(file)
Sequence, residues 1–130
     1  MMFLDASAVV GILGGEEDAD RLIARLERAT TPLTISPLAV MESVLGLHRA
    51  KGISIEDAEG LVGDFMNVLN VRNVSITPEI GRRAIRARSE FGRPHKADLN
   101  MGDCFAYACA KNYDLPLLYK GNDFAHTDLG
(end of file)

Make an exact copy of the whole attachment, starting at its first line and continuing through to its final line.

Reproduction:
Sequence, residues 1–130
     1  MMFLDASAVV GILGGEEDAD RLIARLERAT TPLTISPLAV MESVLGLHRA
    51  KGISIEDAEG LVGDFMNVLN VRNVSITPEI GRRAIRARSE FGRPHKADLN
   101  MGDCFAYACA KNYDLPLLYK GNDFAHTDLG